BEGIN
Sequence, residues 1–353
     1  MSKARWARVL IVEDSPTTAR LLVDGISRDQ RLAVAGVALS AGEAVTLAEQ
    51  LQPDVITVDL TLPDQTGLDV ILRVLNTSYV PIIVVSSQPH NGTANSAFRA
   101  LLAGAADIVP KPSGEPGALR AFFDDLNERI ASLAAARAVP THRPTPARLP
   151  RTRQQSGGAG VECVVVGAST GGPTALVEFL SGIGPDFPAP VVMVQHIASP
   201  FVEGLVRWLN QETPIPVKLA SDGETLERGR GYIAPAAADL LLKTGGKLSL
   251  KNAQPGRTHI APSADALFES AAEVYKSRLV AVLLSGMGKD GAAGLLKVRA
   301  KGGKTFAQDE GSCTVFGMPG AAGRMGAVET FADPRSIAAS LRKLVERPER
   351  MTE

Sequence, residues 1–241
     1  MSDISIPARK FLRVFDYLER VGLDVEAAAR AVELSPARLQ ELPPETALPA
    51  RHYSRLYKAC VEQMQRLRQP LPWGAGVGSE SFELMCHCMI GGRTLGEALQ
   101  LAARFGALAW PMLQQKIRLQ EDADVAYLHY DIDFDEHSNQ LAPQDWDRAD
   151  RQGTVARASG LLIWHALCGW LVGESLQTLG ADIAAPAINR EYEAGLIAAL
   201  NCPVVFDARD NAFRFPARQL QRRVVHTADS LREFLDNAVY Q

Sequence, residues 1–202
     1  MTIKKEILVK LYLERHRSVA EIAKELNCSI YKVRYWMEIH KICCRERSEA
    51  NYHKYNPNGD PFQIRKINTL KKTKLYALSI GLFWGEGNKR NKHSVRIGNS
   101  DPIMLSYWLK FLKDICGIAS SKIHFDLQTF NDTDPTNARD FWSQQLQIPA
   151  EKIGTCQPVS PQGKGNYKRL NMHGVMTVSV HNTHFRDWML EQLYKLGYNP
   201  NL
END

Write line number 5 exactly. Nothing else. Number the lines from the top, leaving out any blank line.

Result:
   151  RTRQQSGGAG VECVVVGAST GGPTALVEFL SGIGPDFPAP VVMVQHIASP